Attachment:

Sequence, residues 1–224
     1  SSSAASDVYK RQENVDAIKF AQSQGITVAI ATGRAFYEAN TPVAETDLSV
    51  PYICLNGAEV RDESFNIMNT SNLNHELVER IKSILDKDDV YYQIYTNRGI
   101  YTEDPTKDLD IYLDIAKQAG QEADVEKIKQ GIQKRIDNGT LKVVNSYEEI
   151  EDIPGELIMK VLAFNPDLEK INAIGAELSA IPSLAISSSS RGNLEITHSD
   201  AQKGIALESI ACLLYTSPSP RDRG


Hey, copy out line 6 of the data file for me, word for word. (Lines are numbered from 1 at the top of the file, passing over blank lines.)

   201  AQKGIALESI ACLLYTSPSP RDRG